EMA is the solo project of Erika M. Anderson, the former lead singer for defunct noise-rock band Gowns, and her four piece band plays a loose, groaning rock music that funnels the small town anxieties of drugs and love through a singing style that sounds like Elliott Smith resurrected with the emotional concerns of a young woman. Fans of her first record, Past Life Martyred Saints, are in for a surprise: with her tall stature, bold haircut and on-tempo dance moves, Anderson’s onstage confidence stands in direct opposition to her self-conscious, frighteningly honest lyrics.

Due to a van breakdown in LA, the opening band Reptar were moved to a closing slot and EMA didn’t take the stage until 11:20pm. With so much waiting time, the crowd could be charitably described as tipsy, truthfully described as drunk and loud. Unfortunately, drunk chatter doesn’t always mix well with EMA’s loud-soft dynamic and a number of songs were drowned out by the incessant buzzing of a crowd left to wait and drink before the show began.

All was not lost, however, as EMA brought a much more aggressive approach to her material than the last time I saw her at the Independent in October. Her first tour showcased the limits of her voice, as she struggled to recreate the almost Cobain-like gruff captured on the record and some of the notes were painfully off. This time around, her confidence turned out a better performance too, as Anderson let loose with abandon, harmonizing many of the vocals with her lead guitarist.

Despite lyrics that seem to walk dangerously close to abusive relationship territory (album highlight “Marked” includes the chorus “I wish that every time he touched me left a mark”), it’s strangely empowering to watch Anderson sing with the slightest hint of a smirk on her face. It was there throughout the show, a smile here, a laugh there, little touches that remind us Anderson isn’t a woman consumed by misery, but rather an artist exploring misery. The two are very much not the same thing.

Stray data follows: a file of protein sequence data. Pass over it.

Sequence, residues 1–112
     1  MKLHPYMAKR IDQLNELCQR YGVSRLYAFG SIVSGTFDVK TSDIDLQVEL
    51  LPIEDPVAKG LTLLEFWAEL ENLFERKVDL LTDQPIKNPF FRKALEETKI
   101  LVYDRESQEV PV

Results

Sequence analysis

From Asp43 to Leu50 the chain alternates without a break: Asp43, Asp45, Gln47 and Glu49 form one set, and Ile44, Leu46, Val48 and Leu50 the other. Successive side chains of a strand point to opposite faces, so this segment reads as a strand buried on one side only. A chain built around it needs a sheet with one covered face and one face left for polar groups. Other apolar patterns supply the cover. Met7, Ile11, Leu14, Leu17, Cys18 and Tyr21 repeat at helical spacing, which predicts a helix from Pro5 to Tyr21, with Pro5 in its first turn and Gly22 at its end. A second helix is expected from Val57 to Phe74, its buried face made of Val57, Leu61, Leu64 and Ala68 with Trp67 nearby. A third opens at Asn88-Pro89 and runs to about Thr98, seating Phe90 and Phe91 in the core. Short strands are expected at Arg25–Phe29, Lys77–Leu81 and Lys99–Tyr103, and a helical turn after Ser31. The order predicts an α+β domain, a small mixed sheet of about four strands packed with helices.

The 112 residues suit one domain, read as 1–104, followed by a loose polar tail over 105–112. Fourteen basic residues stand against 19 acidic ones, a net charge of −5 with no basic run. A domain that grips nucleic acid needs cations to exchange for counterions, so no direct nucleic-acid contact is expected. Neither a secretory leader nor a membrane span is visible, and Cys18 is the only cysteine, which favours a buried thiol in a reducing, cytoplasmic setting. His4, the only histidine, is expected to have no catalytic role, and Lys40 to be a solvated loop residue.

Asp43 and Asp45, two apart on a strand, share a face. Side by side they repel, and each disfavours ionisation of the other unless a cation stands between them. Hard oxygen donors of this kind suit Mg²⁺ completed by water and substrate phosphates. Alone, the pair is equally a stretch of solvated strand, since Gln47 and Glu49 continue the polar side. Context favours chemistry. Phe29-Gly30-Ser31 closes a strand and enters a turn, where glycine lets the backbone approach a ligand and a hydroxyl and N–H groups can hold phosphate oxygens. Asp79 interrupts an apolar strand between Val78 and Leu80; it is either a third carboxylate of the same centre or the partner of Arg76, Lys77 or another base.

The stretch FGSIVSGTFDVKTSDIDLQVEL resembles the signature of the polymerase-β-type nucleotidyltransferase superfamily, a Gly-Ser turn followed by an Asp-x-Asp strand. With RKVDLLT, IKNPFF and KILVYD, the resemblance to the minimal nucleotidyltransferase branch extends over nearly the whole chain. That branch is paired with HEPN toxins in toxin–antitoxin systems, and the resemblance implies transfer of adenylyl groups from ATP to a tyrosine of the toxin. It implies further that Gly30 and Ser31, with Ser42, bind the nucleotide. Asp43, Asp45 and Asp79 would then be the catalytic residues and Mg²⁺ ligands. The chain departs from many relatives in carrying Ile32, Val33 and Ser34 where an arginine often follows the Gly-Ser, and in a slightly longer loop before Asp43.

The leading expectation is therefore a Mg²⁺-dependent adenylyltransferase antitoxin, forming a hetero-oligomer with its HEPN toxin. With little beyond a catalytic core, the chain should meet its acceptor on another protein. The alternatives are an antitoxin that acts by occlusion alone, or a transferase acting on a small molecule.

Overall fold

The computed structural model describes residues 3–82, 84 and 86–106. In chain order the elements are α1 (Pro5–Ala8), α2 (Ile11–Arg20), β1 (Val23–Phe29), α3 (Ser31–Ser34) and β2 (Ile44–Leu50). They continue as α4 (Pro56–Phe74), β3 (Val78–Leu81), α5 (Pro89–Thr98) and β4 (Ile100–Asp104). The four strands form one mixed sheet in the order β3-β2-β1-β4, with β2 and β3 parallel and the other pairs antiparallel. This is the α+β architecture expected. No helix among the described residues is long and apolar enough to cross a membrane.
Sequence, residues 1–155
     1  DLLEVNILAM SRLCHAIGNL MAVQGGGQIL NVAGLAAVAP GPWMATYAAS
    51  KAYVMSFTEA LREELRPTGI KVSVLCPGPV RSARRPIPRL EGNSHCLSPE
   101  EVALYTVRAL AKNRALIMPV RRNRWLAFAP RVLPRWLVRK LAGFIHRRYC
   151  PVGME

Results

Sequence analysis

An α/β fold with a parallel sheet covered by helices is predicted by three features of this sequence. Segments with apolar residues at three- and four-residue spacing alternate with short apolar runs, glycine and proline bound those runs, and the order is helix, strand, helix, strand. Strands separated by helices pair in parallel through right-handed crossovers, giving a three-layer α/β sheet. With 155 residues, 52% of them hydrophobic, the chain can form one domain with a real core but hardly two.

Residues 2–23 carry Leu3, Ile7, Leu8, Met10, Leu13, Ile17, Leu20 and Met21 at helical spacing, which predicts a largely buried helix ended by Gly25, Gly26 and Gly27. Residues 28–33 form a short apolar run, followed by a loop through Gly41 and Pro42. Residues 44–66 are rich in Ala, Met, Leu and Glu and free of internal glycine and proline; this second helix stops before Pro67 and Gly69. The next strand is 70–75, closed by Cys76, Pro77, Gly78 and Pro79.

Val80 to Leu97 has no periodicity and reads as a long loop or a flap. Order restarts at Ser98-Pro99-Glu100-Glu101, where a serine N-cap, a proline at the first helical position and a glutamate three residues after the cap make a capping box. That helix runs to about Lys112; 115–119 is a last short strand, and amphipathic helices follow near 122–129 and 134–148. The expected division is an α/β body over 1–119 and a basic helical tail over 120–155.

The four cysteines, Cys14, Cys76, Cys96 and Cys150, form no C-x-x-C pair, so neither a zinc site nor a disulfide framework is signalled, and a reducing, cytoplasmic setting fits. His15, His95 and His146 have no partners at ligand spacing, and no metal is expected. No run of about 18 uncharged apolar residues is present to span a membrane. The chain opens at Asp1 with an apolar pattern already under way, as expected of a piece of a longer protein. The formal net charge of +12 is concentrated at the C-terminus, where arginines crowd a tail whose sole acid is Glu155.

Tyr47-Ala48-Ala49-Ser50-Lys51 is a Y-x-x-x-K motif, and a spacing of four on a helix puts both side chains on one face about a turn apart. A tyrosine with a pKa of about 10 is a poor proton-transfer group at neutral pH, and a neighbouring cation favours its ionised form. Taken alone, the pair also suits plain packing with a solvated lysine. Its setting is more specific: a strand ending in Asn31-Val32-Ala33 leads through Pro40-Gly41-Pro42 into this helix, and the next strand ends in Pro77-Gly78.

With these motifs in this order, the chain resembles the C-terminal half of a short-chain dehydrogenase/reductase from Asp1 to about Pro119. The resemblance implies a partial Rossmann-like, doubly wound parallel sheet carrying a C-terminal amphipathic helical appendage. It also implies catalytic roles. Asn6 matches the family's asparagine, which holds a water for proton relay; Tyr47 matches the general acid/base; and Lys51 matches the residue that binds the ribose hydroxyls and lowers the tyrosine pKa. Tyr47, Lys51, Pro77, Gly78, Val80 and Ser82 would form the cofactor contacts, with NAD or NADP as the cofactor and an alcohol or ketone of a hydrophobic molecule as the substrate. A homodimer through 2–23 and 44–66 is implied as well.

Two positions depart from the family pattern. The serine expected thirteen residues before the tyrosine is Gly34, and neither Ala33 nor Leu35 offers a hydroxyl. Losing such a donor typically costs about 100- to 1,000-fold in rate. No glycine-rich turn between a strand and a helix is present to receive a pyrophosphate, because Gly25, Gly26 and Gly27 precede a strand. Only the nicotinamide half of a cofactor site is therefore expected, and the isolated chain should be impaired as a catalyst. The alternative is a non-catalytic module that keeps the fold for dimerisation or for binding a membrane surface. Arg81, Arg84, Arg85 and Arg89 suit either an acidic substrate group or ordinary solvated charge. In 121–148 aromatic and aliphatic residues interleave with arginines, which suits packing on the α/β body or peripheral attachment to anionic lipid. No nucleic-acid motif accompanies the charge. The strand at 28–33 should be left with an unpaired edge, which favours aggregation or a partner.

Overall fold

Similarly, she closed the show with a moving performance of “California,” a track that opens with her most notorious lyric: “Fuck California, you made me boring.” This being San Francisco, one might assume that someone in the audience would take offense — but there were no boos.

As Anderson ended the song with the repeated chant “I don’t mind dying,” I couldn’t help but think about Lana Del Rey and her boringly clichéd debut album, Born to Die. Whereas Lana Del Rey traffics in emotional shortcuts (see: Hollywood string samples, washed out home videos, and tattooed bad boys), Anderson’s music rightfully captures the confusion of coming-of-age in an America lost to war, recession, and disillusionment. Cue up the electric violin, the distorted guitar, and listen to the droning messiness that is the intoxicating noise of a mid-twenties woman in America — occupied by day-to-day life, but ever weary of the brutality that surrounds us, the background noise of being born to die.